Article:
Q. Mike, I am curious about the Pats' play calls surrounding the failed 4th-and-5 conversion in the fourth quarter while leading 31-14. Do you think Bill Belichick and Josh McDaniels knew they would go for it on 4th down once they got to 3rd-and-5? And if so why not treat the 3rd and 5 play call more like a traditional 2nd down? If they had concerns about punt protection because of Nate Ebner playing for Tracy White, they must have already made a decision about going for it. So instead of the pass to Brandon Lloyd -- almost picked off by Von Miller as you noted in your game review -- what about a run? -- Dan (Wellesley, Mass.)

A. Dan, that was almost a disaster. On a day when the hurry-up was the story, and the offensive efficiency was impressive at such a quick pace, we've pinpointed one of the negatives here. It looked to me like the Patriots got a little too cute on that third-down call, bringing on a grouping of four receivers and one tight end. It's hard to run it when you don't have a running back on the field, unless the tight end is Aaron Hernandez. Like the players, the coaches sometimes make a mistake, too. My guess is that McDaniels would like that one back. No one's perfect.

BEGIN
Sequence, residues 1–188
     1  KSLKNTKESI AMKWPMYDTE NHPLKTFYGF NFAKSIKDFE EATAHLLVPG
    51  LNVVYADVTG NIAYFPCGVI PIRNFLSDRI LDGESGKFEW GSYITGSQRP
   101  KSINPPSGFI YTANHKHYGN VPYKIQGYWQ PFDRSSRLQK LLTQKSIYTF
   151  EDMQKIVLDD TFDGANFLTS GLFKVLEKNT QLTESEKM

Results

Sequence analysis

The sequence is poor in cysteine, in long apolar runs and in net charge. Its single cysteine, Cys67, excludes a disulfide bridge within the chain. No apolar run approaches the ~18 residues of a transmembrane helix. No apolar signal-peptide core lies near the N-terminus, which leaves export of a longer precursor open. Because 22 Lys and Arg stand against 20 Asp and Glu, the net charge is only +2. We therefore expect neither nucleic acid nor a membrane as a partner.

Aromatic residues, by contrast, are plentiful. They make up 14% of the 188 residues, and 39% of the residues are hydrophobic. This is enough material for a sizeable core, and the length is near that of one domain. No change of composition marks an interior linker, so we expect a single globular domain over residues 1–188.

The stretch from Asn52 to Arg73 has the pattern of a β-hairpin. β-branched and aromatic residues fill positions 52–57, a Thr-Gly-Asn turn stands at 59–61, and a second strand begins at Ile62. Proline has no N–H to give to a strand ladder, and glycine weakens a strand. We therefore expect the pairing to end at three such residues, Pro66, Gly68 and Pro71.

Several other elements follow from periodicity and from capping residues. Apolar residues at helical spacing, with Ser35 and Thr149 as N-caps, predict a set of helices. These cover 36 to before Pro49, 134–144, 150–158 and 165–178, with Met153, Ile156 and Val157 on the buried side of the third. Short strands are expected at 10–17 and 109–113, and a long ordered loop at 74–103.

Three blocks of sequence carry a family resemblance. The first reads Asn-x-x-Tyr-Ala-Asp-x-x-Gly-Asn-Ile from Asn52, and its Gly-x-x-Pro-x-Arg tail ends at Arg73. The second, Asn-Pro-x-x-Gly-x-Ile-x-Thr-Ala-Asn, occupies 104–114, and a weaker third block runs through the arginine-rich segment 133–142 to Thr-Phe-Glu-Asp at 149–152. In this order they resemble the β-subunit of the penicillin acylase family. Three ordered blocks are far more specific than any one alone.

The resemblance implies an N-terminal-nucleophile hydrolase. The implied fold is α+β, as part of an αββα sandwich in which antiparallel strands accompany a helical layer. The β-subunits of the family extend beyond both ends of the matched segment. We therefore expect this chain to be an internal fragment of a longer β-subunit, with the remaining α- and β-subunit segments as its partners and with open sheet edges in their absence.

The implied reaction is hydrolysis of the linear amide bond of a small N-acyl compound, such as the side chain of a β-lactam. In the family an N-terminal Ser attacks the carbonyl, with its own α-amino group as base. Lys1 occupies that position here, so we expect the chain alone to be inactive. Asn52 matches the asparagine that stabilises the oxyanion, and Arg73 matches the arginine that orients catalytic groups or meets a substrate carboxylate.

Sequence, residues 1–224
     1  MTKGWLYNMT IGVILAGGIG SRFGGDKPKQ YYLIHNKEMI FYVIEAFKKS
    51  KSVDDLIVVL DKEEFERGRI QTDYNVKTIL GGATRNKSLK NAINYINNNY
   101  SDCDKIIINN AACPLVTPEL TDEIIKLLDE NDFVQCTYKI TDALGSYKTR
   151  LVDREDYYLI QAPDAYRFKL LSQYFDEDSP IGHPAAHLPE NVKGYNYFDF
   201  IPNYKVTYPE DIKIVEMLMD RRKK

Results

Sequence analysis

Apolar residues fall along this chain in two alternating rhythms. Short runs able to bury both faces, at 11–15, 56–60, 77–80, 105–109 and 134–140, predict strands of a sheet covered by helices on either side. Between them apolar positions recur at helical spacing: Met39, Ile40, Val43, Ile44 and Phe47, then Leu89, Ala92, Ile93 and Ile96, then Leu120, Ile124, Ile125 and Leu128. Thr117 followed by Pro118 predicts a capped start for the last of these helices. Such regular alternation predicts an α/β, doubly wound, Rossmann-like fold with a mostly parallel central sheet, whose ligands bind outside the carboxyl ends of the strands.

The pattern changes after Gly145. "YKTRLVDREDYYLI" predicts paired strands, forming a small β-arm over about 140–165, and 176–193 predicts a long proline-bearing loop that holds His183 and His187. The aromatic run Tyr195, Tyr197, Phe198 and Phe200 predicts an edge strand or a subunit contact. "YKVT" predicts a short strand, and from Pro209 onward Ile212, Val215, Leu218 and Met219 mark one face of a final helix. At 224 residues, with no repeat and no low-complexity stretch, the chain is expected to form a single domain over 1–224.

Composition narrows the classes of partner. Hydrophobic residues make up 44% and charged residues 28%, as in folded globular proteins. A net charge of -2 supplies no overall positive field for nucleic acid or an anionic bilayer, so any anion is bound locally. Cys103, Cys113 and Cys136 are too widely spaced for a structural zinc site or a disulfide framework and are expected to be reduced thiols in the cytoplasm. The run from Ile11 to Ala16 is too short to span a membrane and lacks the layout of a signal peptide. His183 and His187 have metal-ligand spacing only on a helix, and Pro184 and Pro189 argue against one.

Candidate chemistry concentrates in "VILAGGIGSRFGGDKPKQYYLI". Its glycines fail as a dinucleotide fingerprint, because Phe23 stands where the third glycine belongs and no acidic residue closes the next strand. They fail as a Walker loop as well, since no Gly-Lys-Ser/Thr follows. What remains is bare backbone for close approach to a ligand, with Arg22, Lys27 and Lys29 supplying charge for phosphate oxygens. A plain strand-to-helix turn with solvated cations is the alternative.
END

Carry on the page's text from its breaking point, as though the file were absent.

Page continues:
Q. Instead of going for it on 4th and 5, I anticipated Brady would go for a pooch punt, which he's done in the past from that spot on the field. Did this question get discussed either in one of BB's press conferences or among the writers in the press box? -- Rich (Ashland, Mass.)

A. Great instincts, Rich. It was mentioned at the time. Seemed like a good time for the pooch call there.

Clearly Peyton Manning outplayed Brady. Ridley won the game for the Patriots against the Broncos. -- Ethan (Denver, Colo.)

A. Ethan, I think if we go by stat lines, Manning gets the nod. That's the easy and incorrect route in my view. Brady's mastery of the up-tempo no-huddle offense was brilliant. There is much more to quarterback play than stats, and Brady simply controlled that game. Manning was very, very good but I didn't think there was any question Brady was better.